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Smoke & Mirrors with Lyndsie Manusos 

Interview by Hananah Zaheer (Read the Story) December 21, 2020

Lyndsie Manusos

Lyndsie Manusos

First of all, thank you for sharing this wonderful story with its beautiful language. In many ways, this feels like a story of grief, of calling for resurrection. Was this your intention? Can you talk about the genesis of this story? How did this idea come to you?

Absolutely. A story of grief and resurrection is pretty spot on. This is one of those stories that sort of spilled out. I wrote it earlier in the fall. It came out all at once, and then I played around with it, puzzling out the right repetition and order of paragraphs. It’s a response to the times as well as a response to some personal uncertainties I was going through.

How did you decide to structure the story as it is with physical space between paragraphs. Can you talk about this choice and what effect it creates?

I wanted to be able to show the passing of time in a flash fiction story and make sure each paragraph could stand on its own. I’m hoping it gives a little breathing room for the reader, especially since it’s an apocalyptic story.

The story uses wonderful repetitions of ideas and phrases throughout. Given that there is so much regeneration and birth here, can you talk about if that was an intentional echo and what it means to this piece?

You make me sound so much smarter than I am! But yeah, I really like having rhythm and repetition to my writing, especially when writing flash. I think utilizing repetition in flash can do multiple jobs in the effectiveness of a story. I also like to read my flash out loud, and when it feels right to read––when the repetition hits right and flows––I think/hope the piece is ready to go out into the world.

Was it challenging to write this in such a short space? How do you feel about writing flash generally?

It was surprisingly easier than a lot of other pieces I was/am working on. The first draft bled out on the page, and then I played with the rest of it. It was actually loads of fun to write, despite the heavy material. I wish more of my WIPs were like this one.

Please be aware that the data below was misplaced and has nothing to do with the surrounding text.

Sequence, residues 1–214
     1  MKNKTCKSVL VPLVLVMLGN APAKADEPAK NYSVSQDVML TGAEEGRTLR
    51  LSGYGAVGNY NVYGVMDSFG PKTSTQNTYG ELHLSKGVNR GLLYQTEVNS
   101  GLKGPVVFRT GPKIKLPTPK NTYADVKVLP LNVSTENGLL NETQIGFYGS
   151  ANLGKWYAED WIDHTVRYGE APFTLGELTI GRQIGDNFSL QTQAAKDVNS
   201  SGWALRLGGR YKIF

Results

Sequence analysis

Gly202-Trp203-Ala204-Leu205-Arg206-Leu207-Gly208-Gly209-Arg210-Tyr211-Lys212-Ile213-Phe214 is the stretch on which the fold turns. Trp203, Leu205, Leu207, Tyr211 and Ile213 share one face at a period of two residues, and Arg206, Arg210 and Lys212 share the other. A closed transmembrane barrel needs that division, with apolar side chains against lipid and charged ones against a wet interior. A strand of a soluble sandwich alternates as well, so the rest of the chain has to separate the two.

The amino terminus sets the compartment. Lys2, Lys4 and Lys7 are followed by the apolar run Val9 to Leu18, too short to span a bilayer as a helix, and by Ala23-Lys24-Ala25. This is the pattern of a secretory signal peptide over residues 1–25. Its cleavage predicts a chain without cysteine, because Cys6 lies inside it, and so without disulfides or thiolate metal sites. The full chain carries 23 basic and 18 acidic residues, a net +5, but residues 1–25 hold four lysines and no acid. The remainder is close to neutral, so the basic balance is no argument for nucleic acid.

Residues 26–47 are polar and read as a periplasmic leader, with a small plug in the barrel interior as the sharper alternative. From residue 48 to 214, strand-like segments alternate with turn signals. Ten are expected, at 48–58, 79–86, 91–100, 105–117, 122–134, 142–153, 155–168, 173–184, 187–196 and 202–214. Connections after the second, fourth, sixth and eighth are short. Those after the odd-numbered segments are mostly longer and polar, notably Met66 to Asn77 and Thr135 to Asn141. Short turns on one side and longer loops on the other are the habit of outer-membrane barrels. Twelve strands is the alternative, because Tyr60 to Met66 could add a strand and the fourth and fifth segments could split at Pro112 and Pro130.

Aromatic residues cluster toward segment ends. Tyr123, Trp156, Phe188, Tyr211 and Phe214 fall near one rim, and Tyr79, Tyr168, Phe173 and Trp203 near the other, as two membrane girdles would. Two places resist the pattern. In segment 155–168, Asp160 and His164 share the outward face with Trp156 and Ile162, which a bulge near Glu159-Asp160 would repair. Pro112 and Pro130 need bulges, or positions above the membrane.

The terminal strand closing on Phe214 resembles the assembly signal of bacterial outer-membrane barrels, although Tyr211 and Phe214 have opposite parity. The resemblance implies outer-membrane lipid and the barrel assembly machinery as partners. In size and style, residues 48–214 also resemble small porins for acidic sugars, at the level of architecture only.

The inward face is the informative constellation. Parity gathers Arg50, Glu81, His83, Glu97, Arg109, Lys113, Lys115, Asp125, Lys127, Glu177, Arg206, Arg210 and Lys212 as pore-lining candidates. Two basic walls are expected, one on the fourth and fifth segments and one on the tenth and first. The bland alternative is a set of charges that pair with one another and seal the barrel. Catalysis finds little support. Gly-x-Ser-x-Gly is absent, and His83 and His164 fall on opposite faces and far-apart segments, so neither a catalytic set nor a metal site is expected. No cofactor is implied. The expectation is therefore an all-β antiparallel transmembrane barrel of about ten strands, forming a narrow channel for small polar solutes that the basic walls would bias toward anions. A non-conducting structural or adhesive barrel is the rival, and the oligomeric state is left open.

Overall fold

What is your favorite prehistoric animal besides woolly mammoths and why?

Ground sloth, hands down. A giant sloth, weighing thousands of pounds, that grazed and chilled out all day? Yes, please. That’s amazing.

About the Author

Lyndsie Manusos’s work has appeared or is forthcoming in Hobart, Passages North, The Magazine of Fantasy & Science Fiction, and other publications. She lives in Indianapolis with her family and writes for Book Riot and Publishers Weekly.

About the Interviewer

Hananah Zaheer

Hananah is a writer, editor, improvisor and photographer. She serves as a Fiction Editor for Los Angeles Review, and as senior editor for SAAG: a dissident literary anthology—a project that seeks to not only lay claim to revolutionary ideas and avant-garde traditions, but to make space for radical and experimental South Asian art and writing in the literary world. She is the founder of the Dubai Literary Salon, an international prose-reading series.

She is the author of Lovebirds (Bull City Press, 2021). Other writing has appeared or is forthcoming in places such as Kenyon Review, Best Small Fictions 2021, Waxwing, AGNI, Pithead Chapel, Smokelong (Pushcart nomination), Virginia Quarterly Review, McSweeney’s Internet Tendency, South West Review, Alaska Quarterly Review (with a Notable Story mention in Best American Short Stories 2019) and Michigan Quarterly Review, where she won the Lawrence Foundation Prize for Fiction. She was awarded a Tennessee Williams Scholarship in Fiction at the Sewanee Writers’ Conference for 2019, was a finalist for the Smoke Long Fellowship 2019, the Doris Betts’ Fiction prize 2014 and a recipient of residencies and fellowships from the Virginia Center for the Creative Arts, Rivendell Writers’ Colony and the Ragdale Foundation. Her work has been nominated for the Pushcart prize.

You can find her at www.hananahzaheer.com or on Twitter @hananahzaheer

This interview appeared in Issue Seventy of SmokeLong Quarterly.
SmokeLong Quarterly Issue Seventy

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